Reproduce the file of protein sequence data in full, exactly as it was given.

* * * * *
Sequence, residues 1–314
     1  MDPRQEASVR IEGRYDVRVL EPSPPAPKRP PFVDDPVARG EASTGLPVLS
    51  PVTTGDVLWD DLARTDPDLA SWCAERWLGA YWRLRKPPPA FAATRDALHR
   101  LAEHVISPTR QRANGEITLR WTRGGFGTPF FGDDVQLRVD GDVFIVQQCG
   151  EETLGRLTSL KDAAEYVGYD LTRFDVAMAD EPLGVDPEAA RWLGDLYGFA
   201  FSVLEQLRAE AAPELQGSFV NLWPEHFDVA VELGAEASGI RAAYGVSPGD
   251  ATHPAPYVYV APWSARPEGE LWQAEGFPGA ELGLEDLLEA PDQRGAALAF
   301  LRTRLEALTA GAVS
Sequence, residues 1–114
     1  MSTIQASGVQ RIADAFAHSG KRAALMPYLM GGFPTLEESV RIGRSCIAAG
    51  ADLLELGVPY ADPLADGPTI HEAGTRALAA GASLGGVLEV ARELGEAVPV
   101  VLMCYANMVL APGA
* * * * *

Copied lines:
Sequence, residues 1–314
     1  MDPRQEASVR IEGRYDVRVL EPSPPAPKRP PFVDDPVARG EASTGLPVLS
    51  PVTTGDVLWD DLARTDPDLA SWCAERWLGA YWRLRKPPPA FAATRDALHR
   101  LAEHVISPTR QRANGEITLR WTRGGFGTPF FGDDVQLRVD GDVFIVQQCG
   151  EETLGRLTSL KDAAEYVGYD LTRFDVAMAD EPLGVDPEAA RWLGDLYGFA
   201  FSVLEQLRAE AAPELQGSFV NLWPEHFDVA VELGAEASGI RAAYGVSPGD
   251  ATHPAPYVYV APWSARPEGE LWQAEGFPGA ELGLEDLLEA PDQRGAALAF
   301  LRTRLEALTA GAVS
Sequence, residues 1–114
     1  MSTIQASGVQ RIADAFAHSG KRAALMPYLM GGFPTLEESV RIGRSCIAAG
    51  ADLLELGVPY ADPLADGPTI HEAGTRALAA GASLGGVLEV ARELGEAVPV
   101  VLMCYANMVL APGA